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Re: Normalization by Composing, not just Decomposing

From: Laconic2 <laconic2_at_comcast.net>
Date: Tue, 13 Apr 2004 08:48:22 -0400
Message-ID: <z7Sdna8Bq6f3fObdRVn-sw@comcast.com>


Dawn,

You can go the other way. Let's just agree not to call it normalization.

Let's say your start from a body of data items. I don't care whether these items are pulled off a report, or a screen, or out of data files or whatever. Let's say you've decided to group the items into columns, and the columns into tables, and the tables into a schema.

Let me skip over the question of whether to put two data items in the same column or not. It's an important question, and in the real world, it should be addressed before the question of whether two columns belong in the same table.

But let's say we have composed the data items into useful columns.

Now, when we ask, "shall we join these columns together", we can really look at it three ways:

The two columns are unrelated. Putting the two columns in the same table will put two items next to each other that have no relationship to each other. Leave them apart.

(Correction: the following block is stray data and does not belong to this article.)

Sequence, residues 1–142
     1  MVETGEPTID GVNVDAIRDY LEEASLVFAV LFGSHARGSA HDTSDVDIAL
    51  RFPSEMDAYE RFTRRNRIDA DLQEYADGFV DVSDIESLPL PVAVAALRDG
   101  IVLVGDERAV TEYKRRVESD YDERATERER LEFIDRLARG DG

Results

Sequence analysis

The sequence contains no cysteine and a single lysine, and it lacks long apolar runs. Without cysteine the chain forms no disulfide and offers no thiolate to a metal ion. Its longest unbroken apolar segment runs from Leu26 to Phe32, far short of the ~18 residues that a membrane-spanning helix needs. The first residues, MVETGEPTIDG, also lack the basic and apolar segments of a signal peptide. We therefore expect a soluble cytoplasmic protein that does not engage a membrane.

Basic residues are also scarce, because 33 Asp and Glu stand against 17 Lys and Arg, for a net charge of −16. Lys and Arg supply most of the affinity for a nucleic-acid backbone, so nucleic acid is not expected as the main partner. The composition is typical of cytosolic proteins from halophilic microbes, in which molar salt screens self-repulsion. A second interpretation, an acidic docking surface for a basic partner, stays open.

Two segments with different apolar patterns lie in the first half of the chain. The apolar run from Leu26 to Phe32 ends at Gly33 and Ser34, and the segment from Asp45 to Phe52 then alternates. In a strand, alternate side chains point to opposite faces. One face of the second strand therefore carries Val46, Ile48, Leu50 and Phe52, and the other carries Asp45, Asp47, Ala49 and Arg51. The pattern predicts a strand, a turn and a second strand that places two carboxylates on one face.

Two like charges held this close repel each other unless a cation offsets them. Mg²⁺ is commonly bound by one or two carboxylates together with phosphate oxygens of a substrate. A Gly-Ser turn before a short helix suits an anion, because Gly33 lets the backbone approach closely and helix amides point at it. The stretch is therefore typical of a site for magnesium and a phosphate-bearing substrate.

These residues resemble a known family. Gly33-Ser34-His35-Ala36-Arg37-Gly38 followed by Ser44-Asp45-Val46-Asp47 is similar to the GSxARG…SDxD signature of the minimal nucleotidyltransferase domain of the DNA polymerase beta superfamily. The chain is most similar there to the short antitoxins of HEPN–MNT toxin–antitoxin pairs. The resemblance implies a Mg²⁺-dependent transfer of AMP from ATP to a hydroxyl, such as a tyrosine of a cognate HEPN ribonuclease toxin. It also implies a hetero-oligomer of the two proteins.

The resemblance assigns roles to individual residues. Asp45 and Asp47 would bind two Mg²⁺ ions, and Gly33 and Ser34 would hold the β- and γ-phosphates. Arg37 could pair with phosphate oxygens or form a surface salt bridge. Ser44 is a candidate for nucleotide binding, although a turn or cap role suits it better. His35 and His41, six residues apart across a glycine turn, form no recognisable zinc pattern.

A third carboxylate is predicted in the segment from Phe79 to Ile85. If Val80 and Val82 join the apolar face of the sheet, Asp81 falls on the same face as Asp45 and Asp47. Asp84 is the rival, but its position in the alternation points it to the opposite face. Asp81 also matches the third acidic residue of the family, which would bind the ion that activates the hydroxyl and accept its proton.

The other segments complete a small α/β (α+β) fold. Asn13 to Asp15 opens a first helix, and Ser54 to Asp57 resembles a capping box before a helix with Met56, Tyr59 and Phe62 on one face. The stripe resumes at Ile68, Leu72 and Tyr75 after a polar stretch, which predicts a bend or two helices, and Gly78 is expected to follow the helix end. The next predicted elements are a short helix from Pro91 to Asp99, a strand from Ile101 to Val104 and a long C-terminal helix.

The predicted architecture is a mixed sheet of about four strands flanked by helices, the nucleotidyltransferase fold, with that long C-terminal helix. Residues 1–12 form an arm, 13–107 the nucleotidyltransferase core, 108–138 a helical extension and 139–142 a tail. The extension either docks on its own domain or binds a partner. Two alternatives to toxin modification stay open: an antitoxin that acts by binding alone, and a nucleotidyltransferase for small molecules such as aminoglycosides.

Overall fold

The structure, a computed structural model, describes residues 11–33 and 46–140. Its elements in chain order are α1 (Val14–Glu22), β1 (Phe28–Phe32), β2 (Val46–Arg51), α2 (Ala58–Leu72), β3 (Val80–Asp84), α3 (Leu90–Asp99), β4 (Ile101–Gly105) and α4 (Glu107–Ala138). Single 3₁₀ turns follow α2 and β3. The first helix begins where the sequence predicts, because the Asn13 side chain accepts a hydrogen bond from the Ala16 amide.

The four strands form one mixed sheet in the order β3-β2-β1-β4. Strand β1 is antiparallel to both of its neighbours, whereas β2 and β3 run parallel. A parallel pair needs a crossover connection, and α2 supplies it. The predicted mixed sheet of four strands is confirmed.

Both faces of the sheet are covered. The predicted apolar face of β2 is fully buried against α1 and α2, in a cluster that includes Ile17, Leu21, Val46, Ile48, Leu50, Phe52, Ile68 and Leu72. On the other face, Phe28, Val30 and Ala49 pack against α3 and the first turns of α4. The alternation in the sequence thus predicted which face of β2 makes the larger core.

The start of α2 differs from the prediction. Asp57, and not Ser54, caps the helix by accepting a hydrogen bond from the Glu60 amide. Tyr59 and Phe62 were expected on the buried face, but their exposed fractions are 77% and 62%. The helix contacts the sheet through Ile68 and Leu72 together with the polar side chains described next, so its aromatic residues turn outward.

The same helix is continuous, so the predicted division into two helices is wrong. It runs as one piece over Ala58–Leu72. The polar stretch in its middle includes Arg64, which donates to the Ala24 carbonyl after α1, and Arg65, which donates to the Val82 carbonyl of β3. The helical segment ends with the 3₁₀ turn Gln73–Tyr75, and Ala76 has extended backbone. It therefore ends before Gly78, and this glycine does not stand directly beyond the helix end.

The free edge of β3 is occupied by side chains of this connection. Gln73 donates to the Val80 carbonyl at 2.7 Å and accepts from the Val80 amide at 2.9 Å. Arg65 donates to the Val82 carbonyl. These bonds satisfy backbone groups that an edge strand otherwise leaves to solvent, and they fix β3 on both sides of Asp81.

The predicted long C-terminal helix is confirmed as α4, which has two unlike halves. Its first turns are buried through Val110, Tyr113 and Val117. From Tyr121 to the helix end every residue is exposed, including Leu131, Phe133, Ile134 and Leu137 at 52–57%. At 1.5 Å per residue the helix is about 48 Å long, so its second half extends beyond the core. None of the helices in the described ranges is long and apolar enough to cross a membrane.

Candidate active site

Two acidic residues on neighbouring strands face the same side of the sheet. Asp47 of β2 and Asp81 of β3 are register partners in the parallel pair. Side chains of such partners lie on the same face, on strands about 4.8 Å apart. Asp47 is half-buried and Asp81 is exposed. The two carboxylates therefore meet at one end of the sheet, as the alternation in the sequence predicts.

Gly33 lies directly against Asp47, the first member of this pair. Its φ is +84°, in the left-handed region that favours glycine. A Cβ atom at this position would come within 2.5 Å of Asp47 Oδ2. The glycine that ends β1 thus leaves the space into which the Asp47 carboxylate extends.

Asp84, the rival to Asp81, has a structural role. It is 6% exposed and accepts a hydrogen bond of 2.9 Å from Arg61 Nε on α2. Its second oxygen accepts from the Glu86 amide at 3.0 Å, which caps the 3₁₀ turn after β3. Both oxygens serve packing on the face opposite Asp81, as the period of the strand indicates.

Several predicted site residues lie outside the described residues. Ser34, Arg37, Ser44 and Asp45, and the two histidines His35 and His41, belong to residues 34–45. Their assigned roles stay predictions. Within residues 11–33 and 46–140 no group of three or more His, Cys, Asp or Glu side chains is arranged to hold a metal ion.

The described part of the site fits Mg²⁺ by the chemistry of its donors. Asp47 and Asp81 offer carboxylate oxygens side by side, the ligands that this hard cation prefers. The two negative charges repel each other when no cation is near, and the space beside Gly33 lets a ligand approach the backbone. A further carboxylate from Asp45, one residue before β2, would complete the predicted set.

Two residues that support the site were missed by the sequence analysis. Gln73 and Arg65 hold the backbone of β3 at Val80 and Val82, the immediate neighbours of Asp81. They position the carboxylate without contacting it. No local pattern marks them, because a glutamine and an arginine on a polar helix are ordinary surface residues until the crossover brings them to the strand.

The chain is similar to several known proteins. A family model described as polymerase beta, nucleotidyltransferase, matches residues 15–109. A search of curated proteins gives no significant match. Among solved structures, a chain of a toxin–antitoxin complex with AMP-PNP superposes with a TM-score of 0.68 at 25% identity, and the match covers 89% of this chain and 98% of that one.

Go ahead and put them together in the base tables. In other words, "materialize the join".

The third choice is, use the foreign key mechanism to mark the relationship, but leave the columns in separate tables. Anyone who knows the foreign keys, and what they represent, and knows how to do an equijoin can paste them together whenever necessary.

Which of these three choices is better?

Well, when you decide on composition, you can use normal forms and knowledge of the FD's to determine what normal form the materialized join will be in, and you can use that knowledge, along with other knowledge, to decide whether the composition buys you more than it costs you.

There's more than one way to skin a cat, but some ways are better than others. Received on Tue Apr 13 2004 - 07:48:22 CDT

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